the rise while the number of early school leavers is falling.
4) Please briefly describe what kind of policy programmes/actions are being implemented in your city/region to tackle the challenges addressed in Youth on the Move.
To tackle the challenges addressed under Priority VI Support for the unemployed on the regional
labour market the region is carrying out a number of projects to reduce unemployment among young
people and increase their level of education by improving access to employment agency services and careers advice on further education. Job start programmes also include training courses to improve, broaden or adapt professional skills and qualifications as well as courses, work placements or work experience schemes. A key element is support for initiatives to improve the geographical mobility of people out of work, particularly in rural areas, and help for people who want to start their own
business. The projects carried out in the Łódź region under Priority IX of the Human Operational Programme: Development of education and competencies in the regions, address the problem of unequal access to education for children and young people who face social, economic, geographical or health barriers that hinder or prevent their access to education. A special focus was placed in this target group on low-achieving students, students with a disability, students from an ethnic or minority background, students from dysfunctional families, victims of social deprivation as well as young people who have dropped out of school for whatever reason. The projects carried out in the region encompass a variety of measures to reduce differences in the quality of education and training between urban and rural areas through projects to develop schools and centres of learning, introduce new working models at schools and improve the quality of education. The project includes measures to improve the core competences of pupils, especially in mathematics, natural sciences and technical subjects through out-of-class and extracurricular activities. This will reduce the variations which exist in the acquisition of key skills by students within the same school and between different schools – as well as between students in urban and rural schools. This priority also helps combat the marginalisation of rural areas and the young people who live there caused by poor access to education and a low awareness of its benefits. One key problem for the region's education system is that the quality of its schools varies greatly according to their location (urban – rural) and standard of education. The support provided under this action means it is possible to reduce these differences through the implementation of programmes to improve the quality of schooling by introducing innovative teaching methods that are more effective and attractive for young people. To help improve youth employment prospects in the region, a number of projects carried out under Priority IX of the Human Capital Operational Programme not only facilitate the universal access of children and young people to education but also provide an attractive and high quality educational programme via centres of learning. The schools development programmes carried out under these projects help to improve the core competences and key skills needed to enhance students' employment prospects and to continue with their education or start work. Moreover, the project also gives young people educational and careers guidance, information on the benefits of selecting a given educational path, information on further training and educational opportunities in view of local and regional labour market needs as well as schools careers centres. All these measures should help students to plan and follow their own educational and careers path (including helping graduates adapt to labour market requirements). The projects carried out in the regions aim to increase the educational standards and attractiveness of schools and learning centres that organise vocational training to improve their students' employment prospects. These measures will help popularise vocational training as a career path and tailor vocational training to labour market needs (particularly at local and regional level). This will enable the vocational training system to supply the labour market with a greater number of qualified specialists who have the skills that match employers' current requirements. This action also gets employers involved in the vocational training process in a way that goes beyond hands-on teaching of a trade. For instance, this may involve assessing market demand for graduates with a specific skills set. To improve the quality of vocational training, the projects include a number of measures which aim to increase employer involvement in the organisation of work placements and work experience programmes, thereby providing a concrete prospect of employment.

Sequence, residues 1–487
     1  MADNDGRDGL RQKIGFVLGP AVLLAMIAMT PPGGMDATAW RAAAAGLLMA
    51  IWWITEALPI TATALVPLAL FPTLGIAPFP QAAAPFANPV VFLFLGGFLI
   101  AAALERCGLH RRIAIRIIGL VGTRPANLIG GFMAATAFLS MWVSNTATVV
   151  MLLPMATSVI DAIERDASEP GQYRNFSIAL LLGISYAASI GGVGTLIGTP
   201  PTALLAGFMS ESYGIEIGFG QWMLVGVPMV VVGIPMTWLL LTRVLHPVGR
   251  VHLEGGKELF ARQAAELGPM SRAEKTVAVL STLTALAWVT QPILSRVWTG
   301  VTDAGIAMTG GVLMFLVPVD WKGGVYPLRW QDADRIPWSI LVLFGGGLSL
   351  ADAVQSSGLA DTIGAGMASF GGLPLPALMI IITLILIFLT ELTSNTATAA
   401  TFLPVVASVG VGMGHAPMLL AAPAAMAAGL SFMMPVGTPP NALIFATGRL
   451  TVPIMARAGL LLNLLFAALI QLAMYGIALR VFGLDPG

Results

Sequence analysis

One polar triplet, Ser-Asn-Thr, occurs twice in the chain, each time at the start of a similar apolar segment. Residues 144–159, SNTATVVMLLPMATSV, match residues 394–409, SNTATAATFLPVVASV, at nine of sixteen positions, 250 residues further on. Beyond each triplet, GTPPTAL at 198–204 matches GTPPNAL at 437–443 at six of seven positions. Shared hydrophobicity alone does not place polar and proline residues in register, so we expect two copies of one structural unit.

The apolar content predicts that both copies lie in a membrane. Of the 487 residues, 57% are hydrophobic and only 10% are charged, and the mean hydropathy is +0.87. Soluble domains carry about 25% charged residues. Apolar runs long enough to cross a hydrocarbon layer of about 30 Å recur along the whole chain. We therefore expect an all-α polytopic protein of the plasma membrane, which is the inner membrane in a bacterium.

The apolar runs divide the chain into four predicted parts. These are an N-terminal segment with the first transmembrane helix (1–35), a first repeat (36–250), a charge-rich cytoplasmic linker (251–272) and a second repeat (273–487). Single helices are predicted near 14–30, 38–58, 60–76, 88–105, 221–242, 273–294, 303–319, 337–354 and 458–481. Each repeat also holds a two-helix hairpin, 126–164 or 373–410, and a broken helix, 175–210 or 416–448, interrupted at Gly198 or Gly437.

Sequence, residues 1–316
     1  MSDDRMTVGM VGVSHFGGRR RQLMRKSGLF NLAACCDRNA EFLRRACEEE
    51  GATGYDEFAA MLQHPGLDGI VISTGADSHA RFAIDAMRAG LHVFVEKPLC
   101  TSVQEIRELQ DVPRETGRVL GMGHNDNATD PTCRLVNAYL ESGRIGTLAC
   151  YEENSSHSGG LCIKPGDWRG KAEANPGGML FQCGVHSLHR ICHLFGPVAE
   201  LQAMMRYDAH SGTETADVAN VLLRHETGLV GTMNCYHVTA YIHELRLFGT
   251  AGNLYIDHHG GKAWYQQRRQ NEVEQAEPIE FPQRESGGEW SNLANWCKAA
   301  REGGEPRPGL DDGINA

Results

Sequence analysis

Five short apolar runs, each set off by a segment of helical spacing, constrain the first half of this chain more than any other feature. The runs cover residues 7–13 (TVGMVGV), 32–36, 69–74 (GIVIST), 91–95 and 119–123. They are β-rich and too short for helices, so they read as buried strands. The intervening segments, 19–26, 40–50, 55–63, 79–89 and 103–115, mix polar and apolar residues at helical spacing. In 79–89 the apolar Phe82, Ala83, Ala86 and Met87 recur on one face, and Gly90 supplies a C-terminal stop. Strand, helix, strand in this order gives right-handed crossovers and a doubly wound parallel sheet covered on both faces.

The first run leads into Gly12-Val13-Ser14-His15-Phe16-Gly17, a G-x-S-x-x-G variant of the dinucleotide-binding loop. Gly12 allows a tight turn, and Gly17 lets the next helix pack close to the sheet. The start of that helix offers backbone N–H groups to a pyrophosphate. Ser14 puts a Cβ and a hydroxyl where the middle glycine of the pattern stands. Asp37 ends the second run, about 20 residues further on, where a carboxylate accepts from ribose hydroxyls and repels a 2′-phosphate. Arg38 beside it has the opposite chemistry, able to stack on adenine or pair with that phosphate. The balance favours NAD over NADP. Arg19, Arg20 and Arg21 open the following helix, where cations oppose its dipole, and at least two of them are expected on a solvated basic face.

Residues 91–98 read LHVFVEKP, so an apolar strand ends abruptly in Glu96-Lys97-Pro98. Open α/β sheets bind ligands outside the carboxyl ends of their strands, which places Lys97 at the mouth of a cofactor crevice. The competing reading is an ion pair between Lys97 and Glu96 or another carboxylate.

Under Priority VI Labour Market open for all and Priority VII Promoting Social Integration of the Human Capital Operational Programme (whose implementing body is the Regional Employment Office in Łódź) a number of measures are being implemented to provide broad support for people out of work which aim to:
- broaden or adapt professional qualifications (skills)
- help people gain professional work experience through work placements or work experience schemes,
- create new jobs
- support entrepreneurship through funding and training on how to set up and manage your own business.
Support under this programme specifically targets people experiencing the most difficulties on the labour market – this group includes young people aged under 25/30.
The Łódź region organises vocational training in some twenty trades with a regional and pan-regional dimension at post-secondary schools in Łódź, Sieradz, Piotrków Trybunalski and Łowicz. These schools have an extensive educational programme aimed at both young people and adults who wish to acquire or broaden their professional qualifications. The local government monitors the needs of people in the Łódź region and is constantly widening and developing its schools' educational programme. A great deal of emphasis is placed on permanent cooperation with businesses operating in